Geraghty: The advantages that proprietary databases have, very simply, is speed. Traditional databases can't keep up. They are not designed for, nor are they optimised for, market data. This shows in latency and throughput performance, and data quality; traditional databases don't understand the difference between a quote and a trade, or what trade flags signify, or what options are related to an underlying security and so on. They just are not built for the new challenges facing financial market data space.
For customers looking at traditional relational databases there is a lot of work they will have to do. This work is expensive and delays your time to market for getting your automated trading desk up running.
Finally, you can't divorce the analytics from storage, and traditional databases aren't in the analytics space. Using traditional databases for storage and another platform for analytics introduces latencies that are unacceptable in the market today, whereas the best proprietary databases bridge that gap by coupling storage and analytics together.
Coulter: This is an area of interest to the market. In memory databases are taking data tick by tick, analysing it and storing it simultaneously. Relational databases are just too slow. For event stream processing you also need storage and fast data retrieval as many real time trading strategies rely on historical data.
Palmer: Vendors have always claimed there is some new paradigm that didn't exist before; in this case, it's true. Relational databases are designed to store 100 to 500 transactions a second. In algorithmic trading, if you do things at the speed it takes a human to press a button (20 milliseconds) you've lost. Algorithms automate processes, which means between 20,000 and 50,000 events per second. The models are very different; relational databases are still used for over 90% of global applications, but there is a place for this new science of event processing.
What capabilities and functionality are high-frequency trading
groups, running algorithmic trading engines and writing
strategies against real-time data feeds, going to be looking for
from next generation market data platforms?
Suutari: Let's observe the term 'market data platform'. It has historically implied simply the provision of market data, so it's been thought of as great for looking at information, but not so much for transacting. To serve high-frequency trading, a market data platform must evolve from the standpoint of functionality, capacity, and performance. It's possible not all in the marketplace will think of market data platforms as suitable for algorithmic trading, but market data platforms are evolving into something more than a system for disseminating market data. They are becoming trading and transaction integration platforms.
And this includes other elements. It must accommodate current asset classes and have the flexibility to accommodate new ones. It must enable quick adoption of new data sources and types from streaming to historical and reference data to news. It must offer entitlements for the data provided to all downstream consumers, including humans and applications. It must carry multiple forms of data, such as bespoke data, trades and quotes and orders. It must embrace multiple protocols, of which FIX and SWIFT are primary examples. It must permit automation between the front office and the back office. And ideally, it will also be able to tell you where latency is meeting expectations and where it is not, so you can act accordingly.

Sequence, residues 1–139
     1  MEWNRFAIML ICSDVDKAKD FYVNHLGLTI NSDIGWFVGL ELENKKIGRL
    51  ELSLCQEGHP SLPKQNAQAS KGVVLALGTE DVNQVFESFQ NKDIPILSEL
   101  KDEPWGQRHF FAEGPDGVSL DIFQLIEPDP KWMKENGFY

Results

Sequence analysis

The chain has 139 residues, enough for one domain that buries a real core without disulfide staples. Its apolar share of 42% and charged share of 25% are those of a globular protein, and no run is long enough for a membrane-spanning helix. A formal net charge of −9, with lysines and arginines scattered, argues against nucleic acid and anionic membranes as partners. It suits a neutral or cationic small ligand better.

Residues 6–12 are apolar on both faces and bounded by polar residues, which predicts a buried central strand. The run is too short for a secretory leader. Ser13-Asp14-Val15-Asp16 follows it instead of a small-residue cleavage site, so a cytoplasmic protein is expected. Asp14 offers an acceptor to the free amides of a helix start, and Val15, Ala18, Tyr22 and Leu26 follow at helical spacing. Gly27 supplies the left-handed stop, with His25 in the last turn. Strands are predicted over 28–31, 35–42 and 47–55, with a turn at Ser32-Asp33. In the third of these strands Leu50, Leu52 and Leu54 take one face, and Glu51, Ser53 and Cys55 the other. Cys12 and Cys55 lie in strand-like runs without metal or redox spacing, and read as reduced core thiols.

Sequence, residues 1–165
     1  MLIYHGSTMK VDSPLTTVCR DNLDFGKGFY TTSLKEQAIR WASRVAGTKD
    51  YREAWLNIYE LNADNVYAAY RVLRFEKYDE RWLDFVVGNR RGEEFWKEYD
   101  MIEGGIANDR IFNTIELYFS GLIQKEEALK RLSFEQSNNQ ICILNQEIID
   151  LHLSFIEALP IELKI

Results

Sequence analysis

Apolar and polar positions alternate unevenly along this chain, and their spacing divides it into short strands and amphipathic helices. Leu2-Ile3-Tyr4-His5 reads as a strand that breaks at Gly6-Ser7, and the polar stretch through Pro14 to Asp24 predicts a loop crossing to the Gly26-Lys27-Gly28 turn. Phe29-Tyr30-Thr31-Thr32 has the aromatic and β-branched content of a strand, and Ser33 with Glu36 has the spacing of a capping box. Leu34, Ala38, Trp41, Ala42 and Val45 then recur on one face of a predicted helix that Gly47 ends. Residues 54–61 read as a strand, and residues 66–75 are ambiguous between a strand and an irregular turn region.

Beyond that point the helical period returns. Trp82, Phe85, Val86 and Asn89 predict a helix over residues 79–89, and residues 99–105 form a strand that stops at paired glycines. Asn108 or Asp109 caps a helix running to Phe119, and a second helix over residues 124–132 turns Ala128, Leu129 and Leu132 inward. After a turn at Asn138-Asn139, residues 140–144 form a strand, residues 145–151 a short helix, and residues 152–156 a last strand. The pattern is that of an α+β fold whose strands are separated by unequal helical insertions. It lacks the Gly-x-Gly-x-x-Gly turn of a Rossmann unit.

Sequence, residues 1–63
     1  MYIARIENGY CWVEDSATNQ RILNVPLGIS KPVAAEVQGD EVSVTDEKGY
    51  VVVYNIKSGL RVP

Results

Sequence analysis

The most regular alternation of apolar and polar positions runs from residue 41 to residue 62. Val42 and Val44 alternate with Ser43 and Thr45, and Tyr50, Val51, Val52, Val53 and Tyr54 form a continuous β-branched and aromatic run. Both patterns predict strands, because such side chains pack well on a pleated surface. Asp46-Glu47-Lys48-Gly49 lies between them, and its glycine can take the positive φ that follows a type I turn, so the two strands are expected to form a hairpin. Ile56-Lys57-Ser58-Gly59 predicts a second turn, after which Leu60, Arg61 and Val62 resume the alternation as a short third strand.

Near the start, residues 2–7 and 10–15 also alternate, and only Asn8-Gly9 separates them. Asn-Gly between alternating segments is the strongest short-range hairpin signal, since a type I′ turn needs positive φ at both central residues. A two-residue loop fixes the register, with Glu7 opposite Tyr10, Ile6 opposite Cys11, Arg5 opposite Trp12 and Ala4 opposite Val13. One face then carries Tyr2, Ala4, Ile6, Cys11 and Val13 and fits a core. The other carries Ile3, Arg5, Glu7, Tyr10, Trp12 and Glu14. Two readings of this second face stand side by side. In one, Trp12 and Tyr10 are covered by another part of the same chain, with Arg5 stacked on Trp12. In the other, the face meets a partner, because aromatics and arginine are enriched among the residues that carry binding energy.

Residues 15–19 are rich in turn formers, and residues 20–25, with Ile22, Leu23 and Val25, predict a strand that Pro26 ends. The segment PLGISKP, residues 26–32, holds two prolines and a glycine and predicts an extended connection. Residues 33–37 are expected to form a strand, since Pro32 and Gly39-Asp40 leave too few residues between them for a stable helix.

Bates: There are two main parts to highfrequency trading strategies. Part one is when to trade. This is about performing analytics on data in real time, checking the raw data against trading rules, then taking action based on that. The second part is how to trade. You can slice the data into the market in chunks, for example, or you can route it to a liquidity pool with the best price. There is a lot of pressure here on that market data system, because of the requirement to take in a stream of data that exceeds 1000 updates a seconds, or 10,000 a second. One of the challenges is creating and managing your own streams coming in on top of the raw data. So, you have to be able to take in the data, perform analytics and take actions based upon that.
Palmer: We have seen the first wave of algorithmic trading. Data volumes and rates are key to that, but we're seeing a lot of mixing multi-data streams into that now. Some people have different OMS systems according to asset class. A new requirement for next- generation systems is putting multiple asset classes into one algorithmic strategy. Being able to mix different types of event streams into a single platform is a very important next-generation requirement.
Khatchikian: Event stream processing is an extremely popular topic right now. This provides a firm with the capability to construct more constructive analysis on market data models. It makes it easier to take from multiple data sources and aggregate that information.
Geraghty: High frequency trading groups who are writing strategies against real-time data need more than a streaming analysis platform. They also need an optimized market data database to drive their analytics. The next generation platforms need to combine these two capabilities together seamlessly.